JERUSALEM (Reuters) - Israel is upgrading its Arrow II ballistic missile shield in a U.S.-backed “race” against Iran, Syria and other regional enemies, a senior Israeli defense official said on Sunday.
The new “Block 4” generation of guided interceptor rockets, radars and technologies for synchronizing Arrow with U.S. systems was being installed in deployed Israeli batteries, a process that would take several weeks, the official said.
“The accuracy and the reach will be greater,” the official said of Arrow, which has been operational since 2000 and is designed to blow up incoming missiles at altitudes high enough for non-conventional warheads to disintegrate safely.
“It is part of the technological race in the region,” the official, who declined to be named, told Reuters.
Long jittery about Iran’s disputed nuclear program, the Israelis have more recently worried the Syrian insurgency could loosen Damascus’s hold on its chemical weapons and missiles.
Israel has threatened to attack preemptively in both countries, a prospect that could trigger wider war and clash with Washington’s efforts to resolve the crises diplomatically.
Iran, which denies seeking nuclear weapons, has repeatedly vowed to retaliate against any attack. “(Israel) knows that attacking Iran is an unattainable wish, unless the regime seeks to commit suicide,” Iranian Defense Minister Ahmad Vahidi was quoted as saying by the state news agency IRNA on Sunday.
The Pentagon and U.S. firm Boeing Co are partners in Arrow, an investment that the Obama administration hopes will help stay Israel’s hand.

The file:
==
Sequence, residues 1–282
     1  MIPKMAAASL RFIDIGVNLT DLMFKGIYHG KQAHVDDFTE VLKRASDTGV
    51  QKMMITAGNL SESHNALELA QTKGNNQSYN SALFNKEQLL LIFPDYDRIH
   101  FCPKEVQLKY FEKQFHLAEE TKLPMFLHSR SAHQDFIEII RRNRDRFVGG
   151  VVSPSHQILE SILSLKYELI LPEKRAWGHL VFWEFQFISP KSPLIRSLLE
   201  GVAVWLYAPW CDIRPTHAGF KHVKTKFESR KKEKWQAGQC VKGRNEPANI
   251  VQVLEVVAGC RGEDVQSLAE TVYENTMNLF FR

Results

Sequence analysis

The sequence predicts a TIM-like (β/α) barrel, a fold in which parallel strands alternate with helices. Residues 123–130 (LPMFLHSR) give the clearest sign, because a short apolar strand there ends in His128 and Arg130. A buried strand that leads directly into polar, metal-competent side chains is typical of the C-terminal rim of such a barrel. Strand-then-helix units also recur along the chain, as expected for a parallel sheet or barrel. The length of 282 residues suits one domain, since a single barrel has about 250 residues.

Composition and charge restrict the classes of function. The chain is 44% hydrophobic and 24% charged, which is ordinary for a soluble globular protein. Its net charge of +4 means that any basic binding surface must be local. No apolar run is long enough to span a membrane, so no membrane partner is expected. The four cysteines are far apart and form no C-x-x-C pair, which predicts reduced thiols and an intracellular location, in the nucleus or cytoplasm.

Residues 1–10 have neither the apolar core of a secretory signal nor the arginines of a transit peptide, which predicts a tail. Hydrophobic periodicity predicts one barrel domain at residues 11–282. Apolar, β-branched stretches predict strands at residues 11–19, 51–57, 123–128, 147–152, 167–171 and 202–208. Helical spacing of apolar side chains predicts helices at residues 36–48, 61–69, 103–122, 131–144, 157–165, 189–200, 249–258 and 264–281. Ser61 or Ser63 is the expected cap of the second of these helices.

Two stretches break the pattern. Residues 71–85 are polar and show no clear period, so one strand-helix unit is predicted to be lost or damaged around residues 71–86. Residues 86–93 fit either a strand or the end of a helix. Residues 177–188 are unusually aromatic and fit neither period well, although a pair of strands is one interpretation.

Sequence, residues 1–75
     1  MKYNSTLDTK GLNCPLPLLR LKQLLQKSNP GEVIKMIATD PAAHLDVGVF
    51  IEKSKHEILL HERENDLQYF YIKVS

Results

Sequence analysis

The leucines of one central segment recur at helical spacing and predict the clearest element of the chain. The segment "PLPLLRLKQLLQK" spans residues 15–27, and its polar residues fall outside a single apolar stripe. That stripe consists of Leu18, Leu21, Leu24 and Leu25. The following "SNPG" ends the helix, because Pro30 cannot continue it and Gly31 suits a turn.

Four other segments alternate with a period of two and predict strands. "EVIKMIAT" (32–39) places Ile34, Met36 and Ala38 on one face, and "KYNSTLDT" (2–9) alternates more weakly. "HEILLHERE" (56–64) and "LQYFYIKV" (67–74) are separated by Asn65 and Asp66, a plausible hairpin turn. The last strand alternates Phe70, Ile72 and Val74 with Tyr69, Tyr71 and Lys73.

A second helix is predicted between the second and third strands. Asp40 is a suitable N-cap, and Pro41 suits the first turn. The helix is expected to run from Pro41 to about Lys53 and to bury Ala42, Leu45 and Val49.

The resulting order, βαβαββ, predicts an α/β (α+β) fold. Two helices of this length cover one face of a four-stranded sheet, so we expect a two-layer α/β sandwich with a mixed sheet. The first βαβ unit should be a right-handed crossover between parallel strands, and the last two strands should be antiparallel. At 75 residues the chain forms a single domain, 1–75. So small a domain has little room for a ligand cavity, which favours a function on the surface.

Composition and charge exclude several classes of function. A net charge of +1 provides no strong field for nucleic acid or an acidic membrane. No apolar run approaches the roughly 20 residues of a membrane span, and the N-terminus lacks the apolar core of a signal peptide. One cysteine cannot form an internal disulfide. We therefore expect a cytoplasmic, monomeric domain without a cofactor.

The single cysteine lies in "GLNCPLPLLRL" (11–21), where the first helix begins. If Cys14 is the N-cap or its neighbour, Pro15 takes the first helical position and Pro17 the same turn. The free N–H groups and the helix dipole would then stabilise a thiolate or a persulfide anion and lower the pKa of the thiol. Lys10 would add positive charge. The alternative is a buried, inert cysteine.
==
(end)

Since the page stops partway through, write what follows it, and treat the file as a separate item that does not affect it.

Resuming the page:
U.S. Secretary of Defense Leon Panetta said last week that Israeli interceptors like Arrow and Iron Dome, which shoots down short-range guerrilla rockets, were “designed to prevent wars”.
Arrow has scored a 80 percent to 90 percent success rate in field tests, system designer Uzi Rubin told Israel’s Army Radio.
“It’s always undergoing changes and improvements, as well as adaptations to new threats,” Rubin said.
Iran on Saturday unveiled a new short-range missile which it said was capable of striking land and sea targets. Syria, for its part, last month went public with its chemical arsenal, saying it was intended for last-resort use against “external aggression”.
Tehran also has Islamist guerrilla allies in Lebanon and Gaza who could shell neighboring Israel during any regional conflict. Their short-range rocket arsenals have been expanding and improving as well, the senior Israeli defense official said.
Having helped underwrite Arrow, the Americans were free to draw on its technologies for their own uses, the official said.
“The policy of the (Israeli) Ministry of Defense is to provide all data to the U.S., for the security of the U.S., including on targets, interceptors, radars and command and control,” the official said.
With Congress also lavishing cash on Iron Dome, some U.S. lawmakers have called on Israel to share that system, too.
The Israeli official said that though Iron Dome was different to Arrow as it was developed entirely by Israel, the current policy was to provide the Americans data upon request while a more permanent arrangement is negotiated.
In parallel to Arrow II, Israel is developing Arrow III, which is due to be operational in 2014 or 2015. Unlike previous generations of the interceptor, Arrow III will engage incoming missiles in space, using detachable warheads that, turning into “kamikaze” satellites, will seek out and slam into the target.
Israel is also working on a more powerful rocket interceptor than Iron Dome, known as David’s Sling or Magic Wand, which is due out next year. Meshed together and with U.S. counterparts, the three Israeli systems would form a multi-tier shield providing several opportunities to intercept incoming missiles.
Adiitional reporting by Yeganeh Torbati in Dubai, Writing by Dan Williams; Editing by Anthony Boadle and Rosalind Russell